I think not.
Nor, it seems to me, can you achieve community outcomes with just the agencies, or schools, or hospitals, or funders, or whatever institutions in a community are dedicated to addressing "the problem," on board. For I'm a believer in the concept that a core requirement to true sustainable outcomes is a change in community expectations and behaviors. This can't be done by just a few committed souls. It is for this reason that I think of this work in the on-going (strategic v. tactical) sense of working differently. There are too many examples of strong, meaningful impact having an innoculation half life of two to three years (see my blog postings on The Cohort Effect and Return on Investment on Early Education for examples in the sphere of education outcomes). Impact needs to be embedded into the on-going community context -- not just grafted on as a transitory accomplishment. When we are envisioning community impact, we are required to think of the entire community -- skeptics and all.
Thus, engagement, full throated, cross-sector, friend and foe embrace is central to achieving collective impact. It should be the core capacity of any backbone or community support organization. But often the path of least resistance (see my review of Linchpin) sub-optimizes on the size of the circle. To get some help thinking about engagement, I went to Daniel H. Pink's new book "To Sell is Human" (which I'll review through a community collaborative lens in the near future).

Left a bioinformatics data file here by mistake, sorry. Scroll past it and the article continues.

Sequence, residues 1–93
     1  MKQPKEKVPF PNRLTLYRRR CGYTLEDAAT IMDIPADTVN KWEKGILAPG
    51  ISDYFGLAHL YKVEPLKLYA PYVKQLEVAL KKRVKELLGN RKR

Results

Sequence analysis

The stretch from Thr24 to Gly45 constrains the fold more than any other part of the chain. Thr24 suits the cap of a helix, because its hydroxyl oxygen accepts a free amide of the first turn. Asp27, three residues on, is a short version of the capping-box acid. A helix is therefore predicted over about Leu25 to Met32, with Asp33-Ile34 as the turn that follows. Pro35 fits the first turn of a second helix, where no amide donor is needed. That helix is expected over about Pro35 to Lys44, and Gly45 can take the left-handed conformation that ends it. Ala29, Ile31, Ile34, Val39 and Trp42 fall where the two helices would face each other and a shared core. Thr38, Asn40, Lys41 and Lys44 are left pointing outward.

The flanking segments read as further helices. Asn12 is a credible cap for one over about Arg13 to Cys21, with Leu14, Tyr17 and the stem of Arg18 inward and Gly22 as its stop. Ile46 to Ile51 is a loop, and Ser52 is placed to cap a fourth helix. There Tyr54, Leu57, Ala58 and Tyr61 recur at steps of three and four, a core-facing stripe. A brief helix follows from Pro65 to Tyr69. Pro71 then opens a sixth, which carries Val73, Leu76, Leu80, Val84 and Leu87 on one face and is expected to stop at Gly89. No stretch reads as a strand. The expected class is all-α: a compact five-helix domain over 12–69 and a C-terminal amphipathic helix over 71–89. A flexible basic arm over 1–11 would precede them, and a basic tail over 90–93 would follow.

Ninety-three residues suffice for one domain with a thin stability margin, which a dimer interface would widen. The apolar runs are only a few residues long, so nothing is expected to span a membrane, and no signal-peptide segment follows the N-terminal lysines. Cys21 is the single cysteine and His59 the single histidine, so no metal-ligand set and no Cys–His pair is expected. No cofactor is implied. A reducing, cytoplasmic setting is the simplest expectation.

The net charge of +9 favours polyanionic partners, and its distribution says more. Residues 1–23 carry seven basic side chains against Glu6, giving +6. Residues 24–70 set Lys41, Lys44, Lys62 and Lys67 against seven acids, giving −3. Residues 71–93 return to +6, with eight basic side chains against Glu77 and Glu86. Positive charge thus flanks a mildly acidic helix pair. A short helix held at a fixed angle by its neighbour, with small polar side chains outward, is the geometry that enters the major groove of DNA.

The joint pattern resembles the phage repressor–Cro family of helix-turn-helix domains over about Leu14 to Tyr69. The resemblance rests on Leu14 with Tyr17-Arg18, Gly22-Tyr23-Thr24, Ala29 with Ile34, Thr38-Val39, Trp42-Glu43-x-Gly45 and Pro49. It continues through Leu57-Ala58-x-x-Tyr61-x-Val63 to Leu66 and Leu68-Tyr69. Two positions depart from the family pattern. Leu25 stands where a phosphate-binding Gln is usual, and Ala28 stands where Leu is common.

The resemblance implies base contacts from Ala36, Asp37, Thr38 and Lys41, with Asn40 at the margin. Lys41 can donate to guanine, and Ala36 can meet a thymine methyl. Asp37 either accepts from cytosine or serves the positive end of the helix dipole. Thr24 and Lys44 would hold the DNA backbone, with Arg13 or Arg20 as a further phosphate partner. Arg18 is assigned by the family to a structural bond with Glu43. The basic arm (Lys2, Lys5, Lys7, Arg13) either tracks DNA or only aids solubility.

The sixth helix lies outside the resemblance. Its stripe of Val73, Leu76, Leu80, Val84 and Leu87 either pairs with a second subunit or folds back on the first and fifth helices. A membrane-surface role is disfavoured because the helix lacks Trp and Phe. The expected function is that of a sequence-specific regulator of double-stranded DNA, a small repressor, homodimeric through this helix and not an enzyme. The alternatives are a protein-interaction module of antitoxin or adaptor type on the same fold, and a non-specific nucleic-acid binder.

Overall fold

In discussing engagement, Pink says that there are two methods of attempting to get people to act in a concerted way. The first, practiced in the vast majority of situations is IRRITATION. Here you are attempting to engage people to do something that WE want them to do. Think of the vast number of non-profit or corporate endeavors under the guise of engagement, community outreach, listening sessions, where in fact we are presenting the audience with something we have already decided to do and are seeking their assent.
According to Pink, the other, less traveled approach to engagement is AGITATION. Here you are engaging folks by challenging them to do something that THEY want to do. "Want to" creates much more energy than "have to."
This catalytic energy is one of the reasons why all of the Working Differently communities start at the aspirational level. In essence, coming to a shared aspiration brings us to a shared understanding of what it is we are collectively trying to achieve -- not in narrow provider or programatic language, but in clarity of what's in it for all of us. It brings the community to the necessary "want to" energy!
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